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I'm trying to create a small poster of a 2D animation character — irrelevant for this matter — which doesn't exist in a bigger image for manipulation available anywhere, so I captured a frame of said animation at 720p but when I opened the PNG with Photoshop I noticed the sky behind the character had a not-so-good gradient:

enter image description here

Opening the image helps to see the problem

I don't know the proper terms, but it's very noticeable that in the first 1/3 there is something like a curved gradient and around 3/3 another one more straight and, in both cases, the colours aren't mixing very well. And when applying the Levels and Curves I usually do for some basic enhancement these... banding becomes really evident and ugly.

The first attempt to solve or at least improve was with a Spatter (Filter Gallery > Brush Strokes) with a Darken Blending Mode:

enter image description here

While the transitions after the first 1/3 and before the 3/3 became smoother, not only I had a "spray effect" but I also lost the small dots representing the stars.

Unable to bring decent results from my searches, I deleted the main character in a duplicated layer and added a Gradient Overlay:

enter image description here

Because I didn't know where the stop points were, in my ignorance I computed the rule of three of all points — to get the approximate X% required by the overlay settings — whenever I could notice a significant difference of colours.

The result was better than the original screencap, but not quite yet. And I still lost the stars.

And I would like to know if, maybe, there's a better way I don't know to smooth this gradient (first picture), especially in a "fail-safe" way when applying Levels (Mid-tones Darker) and/or Curves (Linear Contrast) as these are like my "go-to" settings for this set of pictures.

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I felt the need to update the question with the current progress as I couldn't follow any of the suggestions in here so far in their totality.

Well, although blurring the problems was a possibility, the results weren't too good and it became even worse with the basic enhancements, so I indeed had to recreate the sky as much as possible. If you care to take a look, I've hosted a sample on Dropbox.

I simplified the process with fewer colour stops of a Gradient Overlay instead of directly with the Gradient Tool because, for some reason, the Layer Style resulted in better quality. I even managed to fake some stars and the curved lighting on top (although the latter didn't blend that nicely).

But if you notice, I've included copies of my usual "go-to" adjustment layers, specifically the Levels set for "Midtones Darker" and the Curves set for "Linear Contrast". Along with Brightness/Contrast and Hue/Saturation, this gang worked like a charm 90% of the times so far, but this time just by enabling them and all the relative success went down the drain. :(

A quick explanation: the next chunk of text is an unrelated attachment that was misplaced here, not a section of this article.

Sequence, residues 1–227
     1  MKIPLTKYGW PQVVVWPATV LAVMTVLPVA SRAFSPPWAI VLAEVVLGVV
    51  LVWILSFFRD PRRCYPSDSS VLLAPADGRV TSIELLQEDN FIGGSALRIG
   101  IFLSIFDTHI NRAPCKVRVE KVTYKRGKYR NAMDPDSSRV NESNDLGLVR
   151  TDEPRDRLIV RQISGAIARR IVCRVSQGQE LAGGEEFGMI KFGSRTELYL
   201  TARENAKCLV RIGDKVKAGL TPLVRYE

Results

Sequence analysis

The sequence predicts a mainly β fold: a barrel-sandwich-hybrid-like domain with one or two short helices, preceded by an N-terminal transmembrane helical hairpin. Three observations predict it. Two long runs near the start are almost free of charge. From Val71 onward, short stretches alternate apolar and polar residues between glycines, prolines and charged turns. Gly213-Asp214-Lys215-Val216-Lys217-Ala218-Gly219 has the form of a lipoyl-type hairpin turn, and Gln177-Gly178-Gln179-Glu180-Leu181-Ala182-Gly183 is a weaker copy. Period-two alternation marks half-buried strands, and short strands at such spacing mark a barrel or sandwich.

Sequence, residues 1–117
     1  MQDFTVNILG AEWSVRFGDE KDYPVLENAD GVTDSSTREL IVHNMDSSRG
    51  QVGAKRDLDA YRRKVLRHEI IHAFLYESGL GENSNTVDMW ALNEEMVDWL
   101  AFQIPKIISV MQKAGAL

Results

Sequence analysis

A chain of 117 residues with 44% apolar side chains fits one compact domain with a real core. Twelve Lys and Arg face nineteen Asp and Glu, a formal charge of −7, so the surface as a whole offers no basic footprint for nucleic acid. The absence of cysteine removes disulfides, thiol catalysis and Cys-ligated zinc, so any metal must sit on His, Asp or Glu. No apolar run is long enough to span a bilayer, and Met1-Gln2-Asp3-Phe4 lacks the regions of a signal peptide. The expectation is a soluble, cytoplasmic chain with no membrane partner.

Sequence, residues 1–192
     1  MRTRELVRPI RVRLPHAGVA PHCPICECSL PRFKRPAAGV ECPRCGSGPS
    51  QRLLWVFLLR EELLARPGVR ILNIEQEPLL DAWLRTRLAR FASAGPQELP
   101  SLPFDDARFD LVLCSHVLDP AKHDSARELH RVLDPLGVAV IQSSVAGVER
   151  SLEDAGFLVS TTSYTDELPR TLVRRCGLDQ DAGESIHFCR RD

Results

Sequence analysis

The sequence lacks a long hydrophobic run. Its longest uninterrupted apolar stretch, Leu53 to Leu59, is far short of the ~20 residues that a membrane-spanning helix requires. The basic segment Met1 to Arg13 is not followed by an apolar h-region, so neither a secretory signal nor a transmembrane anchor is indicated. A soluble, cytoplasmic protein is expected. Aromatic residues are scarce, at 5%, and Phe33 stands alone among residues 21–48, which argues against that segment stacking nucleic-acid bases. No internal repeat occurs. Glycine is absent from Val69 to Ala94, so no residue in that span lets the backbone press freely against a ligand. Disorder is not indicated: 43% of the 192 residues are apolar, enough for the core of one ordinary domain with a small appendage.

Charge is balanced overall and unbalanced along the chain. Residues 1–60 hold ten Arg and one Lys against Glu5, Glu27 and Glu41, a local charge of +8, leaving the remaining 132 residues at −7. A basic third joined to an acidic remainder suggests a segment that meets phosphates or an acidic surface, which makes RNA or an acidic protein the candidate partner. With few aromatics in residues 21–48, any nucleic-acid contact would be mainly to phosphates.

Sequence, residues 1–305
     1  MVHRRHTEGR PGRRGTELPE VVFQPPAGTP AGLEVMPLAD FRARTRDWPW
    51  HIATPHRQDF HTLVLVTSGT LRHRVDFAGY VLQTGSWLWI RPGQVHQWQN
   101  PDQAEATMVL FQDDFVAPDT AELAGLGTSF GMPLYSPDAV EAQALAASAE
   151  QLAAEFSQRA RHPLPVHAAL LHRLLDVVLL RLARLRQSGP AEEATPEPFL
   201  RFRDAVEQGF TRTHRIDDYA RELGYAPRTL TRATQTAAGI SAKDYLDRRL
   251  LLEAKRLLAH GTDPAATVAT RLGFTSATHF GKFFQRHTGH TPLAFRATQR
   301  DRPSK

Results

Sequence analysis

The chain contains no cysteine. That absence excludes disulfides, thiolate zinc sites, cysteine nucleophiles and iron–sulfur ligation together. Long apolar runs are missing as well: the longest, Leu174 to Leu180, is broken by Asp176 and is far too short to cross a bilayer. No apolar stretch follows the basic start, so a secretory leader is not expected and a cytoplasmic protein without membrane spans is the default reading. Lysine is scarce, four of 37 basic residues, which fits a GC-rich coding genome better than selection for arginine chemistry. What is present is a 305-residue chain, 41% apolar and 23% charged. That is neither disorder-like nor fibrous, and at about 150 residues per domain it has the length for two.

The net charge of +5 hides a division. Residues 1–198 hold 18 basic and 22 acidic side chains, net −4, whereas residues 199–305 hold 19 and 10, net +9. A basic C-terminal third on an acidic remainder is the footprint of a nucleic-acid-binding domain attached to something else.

What should/could I do to enhance this background a little bit, perhaps darkening it, in a way it doesn't destroy the gradient and/or to end up out of balance with the main character that has been treated only with layers like those added to this sample?

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    I edited your question, and removed the apology for it being long. We like long detailed questions here. No need to apologise. If only all questions were as good as yours! If you don't like my edits, please feel free to roll back the changes and make your own edits. – Billy Kerr May 21 '18 at 15:45
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    I don't mind, really. In fact, I've added them after writing the whole text. I'd really like to be more participative in here. It's one of the few of Stack Exchange's communities in which people are polite and not... toxic. – Bruno Augusto May 21 '18 at 15:55
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For quality control I suggest you draw the gradient new. If that's not an option then please disregard.

If you are looking to create the gradient new, the topic is well covered in this SE. I recommend you read through the material for technical explanations and instructions for smooth color blending.

The gist is that the banding is caused by color type mismatch, improper stop settings and resolution/display issues.

Define a large area to make your gradient, at least 1200 pixels tall, bigger is better.

Start with a single blue color value from your color space and build the gradient using tints and shades of that value.

The transition will be smoother and more natural looking.

Try a blend from your tint to your shade using rectangles (or circles for curved gradient).

enter image description here

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The "classic" way to mask gradient banding is to add a little noise to the gradient layer:

Filter > Noise > Add Noise

An amount of "2" with Gaussian distribution and with "monochromatic" checked, will likely do the trick.

This may not work for your specific purpose, but is certainly worth trying.

It definitely does work for high resolution print, where the noise "disappears" when printed.

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You could blur out the lines manually using a soft edged brush, with the Smudge Tool. Make sure to set the Spacing in the Brush preset to something like 45%. At least that way, it would avoid blurring out the stars. Obviously you'll still need to go around the stars. It's also a little laborious.

I don't know how well you can see the difference here, as it's an animated GIF, and they aren't exactly great for displaying gradients.

enter image description here

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